First, Sylvian fissure is dissected widely and bloodlessly to expose the vessel from the horizontal segment of the middle cerebral artery (M1) to the distal M2 after conventional fronto-temporal craniotomy. Through a wide dissection of the Sylvian fissure, a wide anastomotic space can be created.
Second, a silicon sheet is laid under M2 [
Third, it is the necessary to hold the brain tissue apart to maintain the wide operative field. In general, spatulas are used as brain retractors by inserting them in parallel to the brain surface. However, the use of spatulas limits hand movement during the procedure because the direction of the spatulas is in line with that of the surgeon's hands. To avoid such limitation, rolling surgical sheets are placed at each edge of the dissected Sylvian fissure, instead of brain spatulas [
Fourth, for good visualization, the edge of the anastomotic site is stained with gentian violet to visualize the arterial adventitia [
Finally, a small suction tube such as a neonatal feeding tube is placed at the bottom of the spread Sylvian fissure, and cerebrospinal fluid is continuously sucked to obtain a semi-wet and bloodless operative field [
After all the processes are completed, the anastomosis is performed. A running suture is used for anastomosing M2 with the free graft, which could be a segment of the radial artery or saphenous vein, using a 7-0 monofilament nylon under high magnification [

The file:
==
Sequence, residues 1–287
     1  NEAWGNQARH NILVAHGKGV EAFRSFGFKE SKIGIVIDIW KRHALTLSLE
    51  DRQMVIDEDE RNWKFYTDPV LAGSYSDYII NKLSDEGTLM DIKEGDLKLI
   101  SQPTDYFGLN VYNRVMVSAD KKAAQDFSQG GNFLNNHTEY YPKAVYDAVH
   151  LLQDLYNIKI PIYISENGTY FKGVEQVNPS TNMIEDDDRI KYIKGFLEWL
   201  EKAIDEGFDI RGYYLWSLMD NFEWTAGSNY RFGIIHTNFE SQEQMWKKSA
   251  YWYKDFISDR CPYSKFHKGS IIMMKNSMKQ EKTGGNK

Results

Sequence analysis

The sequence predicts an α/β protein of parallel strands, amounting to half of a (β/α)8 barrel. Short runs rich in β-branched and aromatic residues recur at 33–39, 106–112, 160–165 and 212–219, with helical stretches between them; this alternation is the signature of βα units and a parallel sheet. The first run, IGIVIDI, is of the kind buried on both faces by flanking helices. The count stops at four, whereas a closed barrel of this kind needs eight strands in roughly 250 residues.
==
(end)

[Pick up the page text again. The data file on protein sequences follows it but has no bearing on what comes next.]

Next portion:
The technique was used from 2009 to 2013 in 20 cases of extracranial M2 high-flow bypass for unclippable aneurysm. Patients comprised 3 men and 17 women (mean age 59 ± 15.8 years; range 10-80 years), and 11 radial artery grafts and 9 saphenous vein grafts were used. The average time for declamping M2 was 19 min 17s (range 11 min 13s to 34 min 30s). The incidence of permanent morbidity was 0% and all postoperative three-dimensional computed tomography angiography (3D-CTA) demonstrated good graft patency by 4 months after the operation.
Although there have been several reports describing the efficacy and techniques of cerebral reconstruction with high- or low-flow bypass,[
The wet absorbable gelatin-compressed sponge can be packed at the anastomosis site without causing stress for the brain. However, the surgeon must pay attention to the small cortical artery branching out from M2. If the cortical artery interferes with the packing sponge, it is necessary to cut the artery to lift the M2 segment. Although cutting of a small cortical artery dose not cause symptomatic cerebral infarction in our cases, surgeons must keep in mind the existence of the long insula artery that derives from M2 and supplies the corona radiata.
When rolling surgical sheets are inserted into the Sylvian fissure, it is necessary that the Sylvian fissure be sufficiently dissected. The widely spread fissure allows the insertion of a large rolling surgical sheet without unnatural stress upon the frontal and temporal lobes and, thereby, forms a wide anastomosis field.
The shortened declamping time of M2 reduces the incidence of ischemic complications. Although the declamping time differs depending on the collateral circulation, around 30 min was empirically considered a safe period of time. In our experience, more than 30 min was required in one patient due to size discrepancy between M2 and the graft. However, the average time was within 20 min and the incidence of ischemic complications was 0%.
We described here a simple technique for anastomosis at M2 that improves safety and efficiency. We observed no thrombus at the anastomosis site when using this technique.